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Tapajyoti Bose
Tapajyoti Bose

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7 Shorthand Optimization Tricks every JavaScript Developer Should Know 😎

Every language has its own quirks and JavaScript, the most used programming language, is no exception. This article will cover a plethora of JavaScript Shorthand Optimization tricks that can help you write better code, and also make sure this is NOT your reaction when you encounter them:

confused-face

1. Multiple string checks

Often you might need to check if a string is equal to one of the multiple values, and can become tiring extremely quickly. Luckily, JavaScript has a built-in method to help you with this.

// Long-hand
const isVowel = (letter) => {
  if (
    letter === "a" ||
    letter === "e" ||
    letter === "i" ||
    letter === "o" ||
    letter === "u"
  ) {
    return true;
  }
  return false;
};

// Short-hand
const isVowel = (letter) =>
  ["a", "e", "i", "o", "u"].includes(letter);
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2. For-of and For-in loops

For-of and For-in loops are a great way to iterate over an array or object without having to manually keep track of the index of the keys of the object.

For-of

const arr = [1, 2, 3, 4, 5];

// Long-hand
for (let i = 0; i < arr.length; i++) {
  const element = arr[i];
  // ...
}

// Short-hand
for (const element of arr) {
  // ...
}
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For-in

const obj = {
  a: 1,
  b: 2,
  c: 3,
};

// Long-hand
const keys = Object.keys(obj);
for (let i = 0; i < keys.length; i++) {
  const key = keys[i];
  const value = obj[key];
  // ...
}

// Short-hand
for (const key in obj) {
  const value = obj[key];
  // ...
}
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3. Falsey checks

If you want to check if a variable is null, undefined, 0, false, NaN, or an empty string, you can use the Logical Not (!) operator to check for all of them at once, without having to write multiple conditions. This makes it easy to check if a variable contains valid data.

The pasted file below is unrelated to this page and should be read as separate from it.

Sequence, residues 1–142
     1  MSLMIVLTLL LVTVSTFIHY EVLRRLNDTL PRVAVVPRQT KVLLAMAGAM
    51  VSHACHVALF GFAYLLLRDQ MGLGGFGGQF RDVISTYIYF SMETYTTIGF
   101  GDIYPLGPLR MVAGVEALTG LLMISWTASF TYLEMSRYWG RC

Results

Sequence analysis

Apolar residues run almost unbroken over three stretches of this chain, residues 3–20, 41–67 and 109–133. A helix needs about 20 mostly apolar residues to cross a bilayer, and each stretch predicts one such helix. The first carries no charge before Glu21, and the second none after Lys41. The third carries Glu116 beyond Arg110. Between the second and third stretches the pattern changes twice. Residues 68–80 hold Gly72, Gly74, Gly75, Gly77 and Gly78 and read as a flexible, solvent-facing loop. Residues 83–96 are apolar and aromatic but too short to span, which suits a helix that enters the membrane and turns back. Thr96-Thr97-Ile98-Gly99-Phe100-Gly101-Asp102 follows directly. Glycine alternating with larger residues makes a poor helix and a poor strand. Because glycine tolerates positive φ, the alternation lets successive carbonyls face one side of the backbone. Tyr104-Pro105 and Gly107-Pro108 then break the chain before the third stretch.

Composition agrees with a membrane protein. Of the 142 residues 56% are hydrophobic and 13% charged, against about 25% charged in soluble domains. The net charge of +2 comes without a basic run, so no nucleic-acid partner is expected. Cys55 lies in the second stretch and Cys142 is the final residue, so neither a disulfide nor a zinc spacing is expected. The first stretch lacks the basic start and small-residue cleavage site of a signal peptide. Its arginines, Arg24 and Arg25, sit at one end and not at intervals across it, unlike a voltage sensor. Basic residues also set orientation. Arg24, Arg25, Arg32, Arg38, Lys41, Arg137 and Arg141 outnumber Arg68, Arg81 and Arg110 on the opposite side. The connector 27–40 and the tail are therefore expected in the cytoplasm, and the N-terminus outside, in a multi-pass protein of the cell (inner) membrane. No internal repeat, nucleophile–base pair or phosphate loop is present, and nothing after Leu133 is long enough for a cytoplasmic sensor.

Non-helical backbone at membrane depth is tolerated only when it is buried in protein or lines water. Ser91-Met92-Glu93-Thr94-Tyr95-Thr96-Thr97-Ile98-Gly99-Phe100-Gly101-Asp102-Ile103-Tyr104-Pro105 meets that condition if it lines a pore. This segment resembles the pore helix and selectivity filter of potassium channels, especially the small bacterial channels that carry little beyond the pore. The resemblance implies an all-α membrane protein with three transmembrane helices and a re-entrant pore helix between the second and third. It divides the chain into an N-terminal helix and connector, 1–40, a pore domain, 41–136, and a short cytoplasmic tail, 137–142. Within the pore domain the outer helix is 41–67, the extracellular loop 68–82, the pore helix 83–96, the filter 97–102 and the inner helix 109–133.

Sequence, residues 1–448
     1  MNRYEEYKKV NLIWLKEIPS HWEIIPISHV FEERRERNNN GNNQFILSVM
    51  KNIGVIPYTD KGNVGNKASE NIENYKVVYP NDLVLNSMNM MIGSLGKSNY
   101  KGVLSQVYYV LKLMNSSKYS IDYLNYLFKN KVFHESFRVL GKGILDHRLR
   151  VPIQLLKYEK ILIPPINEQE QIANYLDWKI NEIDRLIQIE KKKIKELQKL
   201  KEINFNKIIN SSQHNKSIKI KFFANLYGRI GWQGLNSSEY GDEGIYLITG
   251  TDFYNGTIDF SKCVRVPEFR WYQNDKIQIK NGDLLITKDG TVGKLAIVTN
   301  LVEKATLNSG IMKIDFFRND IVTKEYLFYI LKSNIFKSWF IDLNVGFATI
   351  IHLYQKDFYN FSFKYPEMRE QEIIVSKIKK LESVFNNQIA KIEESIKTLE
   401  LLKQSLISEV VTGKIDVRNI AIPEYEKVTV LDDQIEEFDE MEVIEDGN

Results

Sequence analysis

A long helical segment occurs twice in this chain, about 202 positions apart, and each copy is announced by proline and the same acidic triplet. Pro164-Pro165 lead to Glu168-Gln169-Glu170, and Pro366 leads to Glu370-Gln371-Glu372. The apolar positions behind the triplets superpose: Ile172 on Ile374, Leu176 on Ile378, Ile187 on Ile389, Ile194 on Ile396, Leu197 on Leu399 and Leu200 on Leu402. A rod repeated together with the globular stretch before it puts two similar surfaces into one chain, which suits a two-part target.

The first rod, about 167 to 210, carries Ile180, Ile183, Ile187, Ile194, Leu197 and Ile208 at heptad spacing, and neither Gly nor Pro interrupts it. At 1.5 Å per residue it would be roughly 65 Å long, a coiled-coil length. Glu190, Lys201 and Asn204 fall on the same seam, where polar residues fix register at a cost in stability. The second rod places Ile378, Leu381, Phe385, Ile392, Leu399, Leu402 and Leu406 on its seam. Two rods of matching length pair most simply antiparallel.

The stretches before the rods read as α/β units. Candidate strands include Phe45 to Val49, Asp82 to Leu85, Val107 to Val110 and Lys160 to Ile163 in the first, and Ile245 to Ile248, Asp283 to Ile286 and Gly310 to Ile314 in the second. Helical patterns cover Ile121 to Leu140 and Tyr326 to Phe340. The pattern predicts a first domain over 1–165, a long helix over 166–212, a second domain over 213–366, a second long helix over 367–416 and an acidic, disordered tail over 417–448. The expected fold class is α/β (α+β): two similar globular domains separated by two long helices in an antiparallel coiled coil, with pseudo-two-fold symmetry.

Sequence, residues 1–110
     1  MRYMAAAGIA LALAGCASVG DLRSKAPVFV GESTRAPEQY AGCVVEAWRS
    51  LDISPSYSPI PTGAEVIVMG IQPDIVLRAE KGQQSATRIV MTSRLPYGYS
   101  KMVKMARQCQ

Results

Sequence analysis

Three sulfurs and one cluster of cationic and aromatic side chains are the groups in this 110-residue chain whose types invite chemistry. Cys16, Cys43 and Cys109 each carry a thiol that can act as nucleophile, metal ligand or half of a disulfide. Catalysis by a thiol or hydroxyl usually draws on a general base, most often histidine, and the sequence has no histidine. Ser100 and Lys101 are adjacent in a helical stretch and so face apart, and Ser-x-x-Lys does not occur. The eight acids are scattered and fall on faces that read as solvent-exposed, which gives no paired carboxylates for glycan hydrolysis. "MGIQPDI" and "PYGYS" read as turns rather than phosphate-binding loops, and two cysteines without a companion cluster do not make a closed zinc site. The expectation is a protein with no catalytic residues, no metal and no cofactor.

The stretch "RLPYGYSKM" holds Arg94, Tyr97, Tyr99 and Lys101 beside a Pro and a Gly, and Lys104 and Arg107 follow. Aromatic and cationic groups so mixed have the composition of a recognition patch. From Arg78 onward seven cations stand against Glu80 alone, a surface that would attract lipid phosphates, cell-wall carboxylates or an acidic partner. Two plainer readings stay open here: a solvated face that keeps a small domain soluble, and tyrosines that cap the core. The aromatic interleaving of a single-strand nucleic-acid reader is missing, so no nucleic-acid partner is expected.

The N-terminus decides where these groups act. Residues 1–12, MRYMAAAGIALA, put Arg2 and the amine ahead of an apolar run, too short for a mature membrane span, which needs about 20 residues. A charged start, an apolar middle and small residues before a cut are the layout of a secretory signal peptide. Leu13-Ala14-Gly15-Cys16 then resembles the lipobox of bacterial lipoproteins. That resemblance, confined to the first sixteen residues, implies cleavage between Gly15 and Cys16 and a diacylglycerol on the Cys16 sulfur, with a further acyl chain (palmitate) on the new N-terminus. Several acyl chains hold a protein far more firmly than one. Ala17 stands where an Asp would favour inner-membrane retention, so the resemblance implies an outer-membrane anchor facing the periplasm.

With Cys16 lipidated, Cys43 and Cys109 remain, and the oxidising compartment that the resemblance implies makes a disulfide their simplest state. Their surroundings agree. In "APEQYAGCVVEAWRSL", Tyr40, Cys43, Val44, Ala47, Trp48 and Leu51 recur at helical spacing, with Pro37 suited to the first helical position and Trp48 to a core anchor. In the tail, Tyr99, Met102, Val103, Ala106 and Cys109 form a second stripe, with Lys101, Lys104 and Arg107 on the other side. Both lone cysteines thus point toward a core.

// Long-hand
const isFalsey = (value) => {
  if (
    value === null ||
    value === undefined ||
    value === 0 ||
    value === false ||
    value === NaN ||
    value === ""
  ) {
    return true;
  }
  return false;
};

// Short-hand
const isFalsey = (value) => !value;
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4. Ternary operator

As a JavaScript developer, you must have encountered the ternary operator. It is a great way to write concise if-else statements. However, you can also use it to write concise code and even chain them to check for multiple conditions.

// Long-hand
let info;
if (value < minValue) {
  info = "Value is too small";
} else if (value > maxValue) {
  info = "Value is too large";
} else {
  info = "Value is in range";
}

// Short-hand
const info =
  value < minValue
    ? "Value is too small"
    : value > maxValue ? "Value is too large" : "Value is in range";
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5. Function calls

With the help of the ternary operator, you can also determine which function to call based on conditions.

IMPORTANT SIDE-NOTE: The call signature of the functions must be the same, else you risk running into an errors

function f1() {
  // ...
}
function f2() {
  // ...
}

// Long-hand
if (condition) {
  f1();
} else {
  f2();
}

// Short-hand
(condition ? f1 : f2)();
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6. Switch shorthand

Long switch cases can often be optimized by using an object with the keys as the switches and the values as the return values.

const dayNumber = new Date().getDay();

// Long-hand
let day;
switch (dayNumber) {
  case 0:
    day = "Sunday";
    break;
  case 1:
    day = "Monday";
    break;
  case 2:
    day = "Tuesday";
    break;
  case 3:
    day = "Wednesday";
    break;
  case 4:
    day = "Thursday";
    break;
  case 5:
    day = "Friday";
    break;
  case 6:
    day = "Saturday";
}

// Short-hand
const days = {
  0: "Sunday",
  1: "Monday",
  2: "Tuesday",
  3: "Wednesday",
  4: "Thursday",
  5: "Friday",
  6: "Saturday",
};
const day = days[dayNumber];
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7. Fallback values

The || operator can set a fallback value for a variable.

// Long-hand
let name;
if (user?.name) {
  name = user.name;
} else {
  name = "Anonymous";
}

// Short-hand
const name = user?.name || "Anonymous";
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That's all folks! 🎉

Thanks for reading

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Top comments (56)

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exodes profile image
Exo Des

I think the the fallback values need some correction. Using logical OR || doesn’t give you the value you want if the value is [] or 0. The better solution would be using the nullish coalescence ?? where if only use the fallback values when the defined value is null or undefined.

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the_riz profile image
Rich Winter

☝️